Homework was given in both of the lessons observed. This homework was supportive of the activities in the classroom and was appropriately pitched. It was achievable and of sufficient duration.
During the school year, summative and formative assessments take place in the art department. Formative assessment during practical assignments is used to encourage students to find routes to improve their work and performance. In addition, peer-assessment, oral assessment, and assessment of finished project work, classroom activities and homework are also used to direct progress. Formal summative tests take place at Christmas and at the end of the summer term. It is recommended that more regular profiling of students’ work including homework is carried out to ensure accurate tracking of students’ progress.
Students are informed of their progress through school reports, comments on two-dimensional work and regular oral feedback. Parents are kept informed of their children’s progress through school reports, information evenings, parent-teacher meetings and the school journal.
The following are the main strengths identified in the evaluation:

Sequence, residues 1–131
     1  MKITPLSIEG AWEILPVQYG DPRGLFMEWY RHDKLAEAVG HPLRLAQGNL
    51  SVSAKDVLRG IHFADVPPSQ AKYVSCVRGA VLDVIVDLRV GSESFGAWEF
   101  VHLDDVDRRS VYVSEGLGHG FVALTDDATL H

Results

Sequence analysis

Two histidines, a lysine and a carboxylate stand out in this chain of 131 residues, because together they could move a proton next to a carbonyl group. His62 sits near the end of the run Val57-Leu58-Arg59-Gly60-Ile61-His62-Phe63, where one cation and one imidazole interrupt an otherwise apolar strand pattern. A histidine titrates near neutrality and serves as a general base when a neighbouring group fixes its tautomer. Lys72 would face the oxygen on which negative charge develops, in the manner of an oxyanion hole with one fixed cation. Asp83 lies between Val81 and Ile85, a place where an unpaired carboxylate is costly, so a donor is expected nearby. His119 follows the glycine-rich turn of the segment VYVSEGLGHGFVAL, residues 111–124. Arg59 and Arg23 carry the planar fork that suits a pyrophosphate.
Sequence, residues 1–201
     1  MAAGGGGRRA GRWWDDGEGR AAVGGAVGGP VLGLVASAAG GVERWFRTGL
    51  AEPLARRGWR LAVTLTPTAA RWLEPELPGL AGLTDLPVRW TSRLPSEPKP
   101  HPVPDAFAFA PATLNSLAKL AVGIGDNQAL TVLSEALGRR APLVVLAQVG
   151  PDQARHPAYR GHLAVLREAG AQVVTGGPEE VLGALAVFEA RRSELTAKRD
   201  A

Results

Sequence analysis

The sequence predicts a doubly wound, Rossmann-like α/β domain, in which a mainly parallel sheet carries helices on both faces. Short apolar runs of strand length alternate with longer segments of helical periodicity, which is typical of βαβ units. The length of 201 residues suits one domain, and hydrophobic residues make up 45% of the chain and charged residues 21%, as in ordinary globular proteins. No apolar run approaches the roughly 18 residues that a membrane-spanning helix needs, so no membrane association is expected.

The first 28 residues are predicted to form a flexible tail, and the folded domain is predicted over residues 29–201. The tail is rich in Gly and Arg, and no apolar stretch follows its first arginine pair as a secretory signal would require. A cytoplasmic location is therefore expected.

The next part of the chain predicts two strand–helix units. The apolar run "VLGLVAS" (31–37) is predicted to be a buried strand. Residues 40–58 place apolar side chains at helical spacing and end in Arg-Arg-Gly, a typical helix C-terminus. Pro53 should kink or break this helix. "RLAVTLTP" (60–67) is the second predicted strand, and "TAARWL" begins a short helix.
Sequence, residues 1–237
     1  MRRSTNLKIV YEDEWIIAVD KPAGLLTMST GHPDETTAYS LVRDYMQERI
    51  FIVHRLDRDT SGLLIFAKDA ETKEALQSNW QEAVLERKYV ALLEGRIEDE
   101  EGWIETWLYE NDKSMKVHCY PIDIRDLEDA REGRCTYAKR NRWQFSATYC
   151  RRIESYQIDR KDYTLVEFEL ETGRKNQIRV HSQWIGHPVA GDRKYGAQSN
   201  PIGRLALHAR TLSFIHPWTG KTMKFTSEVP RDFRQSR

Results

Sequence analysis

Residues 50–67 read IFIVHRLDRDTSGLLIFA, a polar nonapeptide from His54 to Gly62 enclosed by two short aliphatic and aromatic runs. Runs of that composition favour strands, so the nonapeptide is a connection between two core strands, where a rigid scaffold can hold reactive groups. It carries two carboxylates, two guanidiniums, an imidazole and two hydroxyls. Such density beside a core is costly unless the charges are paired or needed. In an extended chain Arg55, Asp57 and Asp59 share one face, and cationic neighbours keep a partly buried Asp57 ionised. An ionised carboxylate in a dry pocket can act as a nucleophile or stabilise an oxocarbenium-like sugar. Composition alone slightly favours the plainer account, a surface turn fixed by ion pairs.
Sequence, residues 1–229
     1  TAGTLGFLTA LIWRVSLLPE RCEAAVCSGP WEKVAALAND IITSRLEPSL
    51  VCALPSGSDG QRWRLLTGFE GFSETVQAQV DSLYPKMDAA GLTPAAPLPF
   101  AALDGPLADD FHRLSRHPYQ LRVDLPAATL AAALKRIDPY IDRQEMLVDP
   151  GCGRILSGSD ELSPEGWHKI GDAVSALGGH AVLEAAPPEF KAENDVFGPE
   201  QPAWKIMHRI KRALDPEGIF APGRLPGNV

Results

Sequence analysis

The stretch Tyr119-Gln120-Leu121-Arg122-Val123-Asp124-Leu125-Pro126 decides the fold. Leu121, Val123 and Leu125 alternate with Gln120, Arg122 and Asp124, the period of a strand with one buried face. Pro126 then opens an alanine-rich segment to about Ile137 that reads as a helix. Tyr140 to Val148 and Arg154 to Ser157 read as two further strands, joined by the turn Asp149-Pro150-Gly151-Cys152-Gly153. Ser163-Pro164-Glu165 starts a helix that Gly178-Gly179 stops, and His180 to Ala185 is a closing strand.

· Art enjoys a very high profile in Coláiste Rís.
· Whole-school support for the subject is good.
· A wide range of extracurricular and co-curricular activities is provided for students of Art.
· Individual teacher planning for lessons was found to be very good.
· Very effective teaching was observed over the course of the evaluation.
· The students’ behaviour was exemplary and the rapport between teacher and students was very good.
· Communication in the lessons observed was very good; explanations were clear, accurate and pleasantly delivered.
· Students have attained a very high standard of work in some areas and the emphasis placed on good quality finish is commended.
As a means of building on these strengths and to address areas for development, the following key recommendations are made:
· A written art department plan should be available in the school to inform and guide practice.
· A review of teaching and learning in Art should be held to help students incorporate a more authentic and expressive approach to making work over the longer term.
· More regular profiling of students achievements and homework should be carried out and recorded.
Post-evaluation meetings were held with the teachers of Art and with the principal at the conclusion of the evaluation when the draft findings and recommendations of the evaluation were presented and discussed.
Published May 2010